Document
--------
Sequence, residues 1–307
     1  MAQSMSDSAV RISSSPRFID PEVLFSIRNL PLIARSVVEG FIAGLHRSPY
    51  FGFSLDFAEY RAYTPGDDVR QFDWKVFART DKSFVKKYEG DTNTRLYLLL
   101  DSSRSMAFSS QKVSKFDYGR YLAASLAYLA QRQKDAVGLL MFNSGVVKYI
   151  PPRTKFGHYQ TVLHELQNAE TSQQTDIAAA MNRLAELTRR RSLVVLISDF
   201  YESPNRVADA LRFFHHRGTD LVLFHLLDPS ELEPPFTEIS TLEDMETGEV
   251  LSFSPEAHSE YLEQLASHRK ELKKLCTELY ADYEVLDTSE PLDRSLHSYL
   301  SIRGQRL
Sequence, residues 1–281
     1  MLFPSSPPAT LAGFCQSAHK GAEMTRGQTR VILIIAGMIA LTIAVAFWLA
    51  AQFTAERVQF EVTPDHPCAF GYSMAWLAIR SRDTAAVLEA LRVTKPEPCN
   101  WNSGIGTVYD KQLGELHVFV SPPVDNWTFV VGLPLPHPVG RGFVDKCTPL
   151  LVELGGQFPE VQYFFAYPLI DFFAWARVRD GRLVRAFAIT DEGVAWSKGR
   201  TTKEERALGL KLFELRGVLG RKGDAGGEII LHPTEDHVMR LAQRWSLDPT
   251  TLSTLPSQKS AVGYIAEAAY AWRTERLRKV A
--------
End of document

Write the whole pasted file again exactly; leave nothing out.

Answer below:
Sequence, residues 1–307
     1  MAQSMSDSAV RISSSPRFID PEVLFSIRNL PLIARSVVEG FIAGLHRSPY
    51  FGFSLDFAEY RAYTPGDDVR QFDWKVFART DKSFVKKYEG DTNTRLYLLL
   101  DSSRSMAFSS QKVSKFDYGR YLAASLAYLA QRQKDAVGLL MFNSGVVKYI
   151  PPRTKFGHYQ TVLHELQNAE TSQQTDIAAA MNRLAELTRR RSLVVLISDF
   201  YESPNRVADA LRFFHHRGTD LVLFHLLDPS ELEPPFTEIS TLEDMETGEV
   251  LSFSPEAHSE YLEQLASHRK ELKKLCTELY ADYEVLDTSE PLDRSLHSYL
   301  SIRGQRL
Sequence, residues 1–281
     1  MLFPSSPPAT LAGFCQSAHK GAEMTRGQTR VILIIAGMIA LTIAVAFWLA
    51  AQFTAERVQF EVTPDHPCAF GYSMAWLAIR SRDTAAVLEA LRVTKPEPCN
   101  WNSGIGTVYD KQLGELHVFV SPPVDNWTFV VGLPLPHPVG RGFVDKCTPL
   151  LVELGGQFPE VQYFFAYPLI DFFAWARVRD GRLVRAFAIT DEGVAWSKGR
   201  TTKEERALGL KLFELRGVLG RKGDAGGEII LHPTEDHVMR LAQRWSLDPT
   251  TLSTLPSQKS AVGYIAEAAY AWRTERLRKV A